Sunday, December 22, 2013

Dear Santa

I've been pretty quiet on this blog for quite some time, though I'm thinking about resolving to be more regular here in the new year. For now, I just wanted to share a sweet story. My amazing niece wrote a letter to Santa in school recently, and she concluded her letter by asking for some good medicine for me. Her sweet nature and caring concern truly melts my heart.

At the moment, my medicines are working well enough, so I'm imploring the jolly fellow to instead bring some good medicine to all those of you who haven't yet found a med that works well. And while I'm at it, how about a cure for us all? And some sort of treatment to repair damage and function, too? Thanks, Santa. I'll leave extra cookies and milk.

I wish you and yours a very Merry Christmas and I hope you are able to relax and enjoy some of those many little moments that make life sweet. Check back in the early new year for an interview with a friend who recently ran the Chicago marathon for MS and more of my MS-inspired musings.

Saturday, December 7, 2013

Book Review: Notes From a Minor Key by Dawn Bailiff

A confession: I read this book more than a year ago, and I fully intended to review it for this blog soon thereafter. I know I had all kinds of specific thoughts I wanted to share, but my memory now offers only general impressions. The perfectionist part of my wants to reread the book just to write a better review, but I'm fighting the urge.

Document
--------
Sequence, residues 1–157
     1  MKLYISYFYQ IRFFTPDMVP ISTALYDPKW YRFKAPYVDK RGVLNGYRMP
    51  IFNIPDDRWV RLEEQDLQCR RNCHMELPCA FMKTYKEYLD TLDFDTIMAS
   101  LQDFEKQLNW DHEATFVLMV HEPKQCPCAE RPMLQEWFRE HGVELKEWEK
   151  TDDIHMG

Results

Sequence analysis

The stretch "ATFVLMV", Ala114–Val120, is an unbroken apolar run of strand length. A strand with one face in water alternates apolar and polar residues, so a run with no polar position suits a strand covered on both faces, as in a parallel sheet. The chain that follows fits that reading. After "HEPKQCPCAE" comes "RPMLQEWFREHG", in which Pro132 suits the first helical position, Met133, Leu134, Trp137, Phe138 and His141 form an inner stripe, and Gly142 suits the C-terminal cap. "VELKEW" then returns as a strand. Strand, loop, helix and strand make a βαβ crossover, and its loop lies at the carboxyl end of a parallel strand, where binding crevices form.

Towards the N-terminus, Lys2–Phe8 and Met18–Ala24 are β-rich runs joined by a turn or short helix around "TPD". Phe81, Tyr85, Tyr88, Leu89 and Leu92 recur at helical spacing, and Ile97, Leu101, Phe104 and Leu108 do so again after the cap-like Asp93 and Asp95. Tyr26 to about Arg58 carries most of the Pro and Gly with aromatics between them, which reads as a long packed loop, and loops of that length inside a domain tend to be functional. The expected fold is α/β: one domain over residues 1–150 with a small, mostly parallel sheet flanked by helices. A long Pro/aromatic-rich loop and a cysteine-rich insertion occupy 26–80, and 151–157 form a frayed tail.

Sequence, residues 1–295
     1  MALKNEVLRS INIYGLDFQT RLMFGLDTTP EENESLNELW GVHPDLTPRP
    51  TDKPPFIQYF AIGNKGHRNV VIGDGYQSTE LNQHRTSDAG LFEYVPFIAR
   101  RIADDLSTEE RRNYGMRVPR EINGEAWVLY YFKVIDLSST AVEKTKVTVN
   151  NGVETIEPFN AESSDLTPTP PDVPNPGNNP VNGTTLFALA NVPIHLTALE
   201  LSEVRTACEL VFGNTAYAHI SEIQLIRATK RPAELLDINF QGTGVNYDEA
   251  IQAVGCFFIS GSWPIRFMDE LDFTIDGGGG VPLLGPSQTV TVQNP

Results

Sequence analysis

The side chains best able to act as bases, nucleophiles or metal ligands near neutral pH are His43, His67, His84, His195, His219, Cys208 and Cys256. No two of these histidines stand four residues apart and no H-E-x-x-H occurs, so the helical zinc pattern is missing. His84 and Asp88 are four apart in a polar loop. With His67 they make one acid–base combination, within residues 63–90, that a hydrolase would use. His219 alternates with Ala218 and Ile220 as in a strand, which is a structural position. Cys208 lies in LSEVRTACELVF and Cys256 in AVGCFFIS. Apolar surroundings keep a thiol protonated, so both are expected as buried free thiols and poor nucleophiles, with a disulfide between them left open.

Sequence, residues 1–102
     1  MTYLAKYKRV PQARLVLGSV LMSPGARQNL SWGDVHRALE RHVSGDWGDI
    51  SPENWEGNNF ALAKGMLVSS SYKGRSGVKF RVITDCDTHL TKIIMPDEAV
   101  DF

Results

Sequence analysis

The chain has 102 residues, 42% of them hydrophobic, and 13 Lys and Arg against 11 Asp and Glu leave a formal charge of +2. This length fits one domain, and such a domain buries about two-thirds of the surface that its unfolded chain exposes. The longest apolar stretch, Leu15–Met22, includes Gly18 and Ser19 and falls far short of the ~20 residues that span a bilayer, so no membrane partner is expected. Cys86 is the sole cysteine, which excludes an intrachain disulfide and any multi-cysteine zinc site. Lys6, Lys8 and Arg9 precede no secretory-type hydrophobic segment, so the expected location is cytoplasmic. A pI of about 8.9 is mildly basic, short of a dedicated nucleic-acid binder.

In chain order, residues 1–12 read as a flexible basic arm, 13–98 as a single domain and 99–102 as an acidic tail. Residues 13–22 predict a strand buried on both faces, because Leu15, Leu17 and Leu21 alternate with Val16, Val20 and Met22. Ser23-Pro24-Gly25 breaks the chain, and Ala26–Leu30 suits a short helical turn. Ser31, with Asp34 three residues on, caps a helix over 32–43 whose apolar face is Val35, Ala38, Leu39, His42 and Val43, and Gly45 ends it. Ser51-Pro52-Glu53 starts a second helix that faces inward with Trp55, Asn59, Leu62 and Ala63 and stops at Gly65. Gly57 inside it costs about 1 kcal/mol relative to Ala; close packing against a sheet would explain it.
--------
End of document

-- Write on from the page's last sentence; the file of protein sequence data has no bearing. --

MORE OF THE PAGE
I was extremely interested in this memoir because it is about a professional musician with MS, and it wasn't disappointing in that it painted vivid pictures of both life as a musician and life as an MS patient that I could very much relate to. Here are some of my general impressions of Bailiff's memoir:

  1. It is very well written, with some beautiful descriptive passages.
  2. Bailiff had some incredible musical experiences with some incredible people.
  3. I would have enjoyed this book much more if she had left out the parts about her supposed psychic abilities.
  4. Bailiff discusses repression-as-cause-of-MS in a similar vein to Gabor Mate. She takes it further to equate the higher rates of MS in women to a socially inflicted female shame, calling MS a "malady of repression, of anger and frustration turned inward - maybe even of self-hatred." As I've discussed before, I find these theories quite troubling.
  5. I dog-eared a page because it is a description of my worst symptom: "There is this creepy, itching sensation all over my body, but when I scratch, I realize that the itch is inside my skin, underneath it somehow, and I can't get to it." Bingo.